Coral Sea Bulker Drifted Dangerously: ATSB Release Findings
Australian Transport Safety Bureau (ATSB) release its findings on the breakdown and subsequent drift towards danger of the bulk carrier 'ID Integrity', in the Coral Sea, 18 to 23 May 2012 as follows:
In the early hours of 18 May 2012, while transiting the Coral Sea, ID Integrity’s main engine shut down when its fuel pump reversing mechanism came free and jammed. This caused the camshaft to bend and slip in a drive coupling which resulted in the camshaft being out of timing and therefore the engine could not be restarted.
The ship drifted in a westerly direction towards the Australian coast and the Great Barrier Reef. During the afternoon of 19 May, the ship passed over Shark Reef, located about 60 miles east of the Great Barrier Reef Marine Park, without incident. The following day, the ship was taken in tow when it was about 35 miles to the east of the marine park and towed to Cairns for repairs.
What the ATSB found
The ATSB found that the engine manufacturer had identified the need for owners and operators to check the fuel pump reversing mechanism for cracks and secureness and provided this advice in service letters. However, on board ID Integrity, this advice had not been included in the engine manuals or planned maintenance system. As a result, over time and despite regular inspections, the system deteriorated and cracks developed in the mechanism undetected. This led to the failure of a fuel pump reversing link on 18 May.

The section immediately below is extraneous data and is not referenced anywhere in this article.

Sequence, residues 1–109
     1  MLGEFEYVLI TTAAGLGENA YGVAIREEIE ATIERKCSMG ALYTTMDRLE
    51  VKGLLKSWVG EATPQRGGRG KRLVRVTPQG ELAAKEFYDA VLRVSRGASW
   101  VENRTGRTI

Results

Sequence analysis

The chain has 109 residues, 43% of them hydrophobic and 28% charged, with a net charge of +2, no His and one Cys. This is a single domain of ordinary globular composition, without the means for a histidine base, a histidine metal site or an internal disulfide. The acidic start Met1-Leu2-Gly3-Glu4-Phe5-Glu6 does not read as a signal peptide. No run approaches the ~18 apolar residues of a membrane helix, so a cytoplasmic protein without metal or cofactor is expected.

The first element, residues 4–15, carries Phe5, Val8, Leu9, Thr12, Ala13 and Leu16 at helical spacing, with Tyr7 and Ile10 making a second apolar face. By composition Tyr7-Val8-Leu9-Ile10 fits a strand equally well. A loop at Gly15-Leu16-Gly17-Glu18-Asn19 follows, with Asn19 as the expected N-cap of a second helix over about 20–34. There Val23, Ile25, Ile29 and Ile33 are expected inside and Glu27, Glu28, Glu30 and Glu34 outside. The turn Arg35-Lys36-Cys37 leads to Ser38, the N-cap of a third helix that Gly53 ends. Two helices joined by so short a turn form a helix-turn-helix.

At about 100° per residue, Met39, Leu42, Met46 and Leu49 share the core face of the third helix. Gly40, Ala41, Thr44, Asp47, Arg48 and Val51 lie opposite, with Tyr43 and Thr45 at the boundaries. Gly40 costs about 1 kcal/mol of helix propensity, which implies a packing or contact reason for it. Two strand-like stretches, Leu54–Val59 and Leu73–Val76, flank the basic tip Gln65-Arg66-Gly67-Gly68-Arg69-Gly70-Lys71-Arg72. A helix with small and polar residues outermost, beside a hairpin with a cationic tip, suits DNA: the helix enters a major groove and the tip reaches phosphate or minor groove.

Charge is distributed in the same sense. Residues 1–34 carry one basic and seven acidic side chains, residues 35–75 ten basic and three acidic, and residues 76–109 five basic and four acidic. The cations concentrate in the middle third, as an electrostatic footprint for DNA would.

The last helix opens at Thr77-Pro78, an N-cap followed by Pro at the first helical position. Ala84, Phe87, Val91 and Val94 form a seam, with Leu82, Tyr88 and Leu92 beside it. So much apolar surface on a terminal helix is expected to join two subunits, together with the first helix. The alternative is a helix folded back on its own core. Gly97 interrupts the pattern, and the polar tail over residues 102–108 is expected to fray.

The investigation also found that, once notified, the actions of the various stakeholders were appropriate and the response arrangements were effective.
What's been done as a result
ID Integrity’s managers have implemented a schedule to inspect all main engines in their fleet and undertake repairs as necessary. Staff from all company ships have been made aware of this incident and it has been included in crew training centre courses.
MAN B&W, the main engine designer, reiterated the need to include all service letter advice in manuals and maintenance systems. They also advised that service letters and updated manuals are always available on request through the website www.mandieselturbo.com via the Nexus (Customer extranet) link.
The ship’s classification society, ClassNK, initiated discussions with MAN B&W to enhance its knowledge of engine design and operation changes. ClassNK also improved the content and extent of information provided to its surveyors.
Service advice from machinery manufacturers needs to be carefully assessed and implemented as necessary as part of a ship’s planned maintenance system. Furthermore, all associated documentation should be updated and regularly checked to ensure it remains relevant and reflects the latest available information.
The full report is available at: http://www.atsb.gov.au/media/4182792/mo-2012-005-final.pdf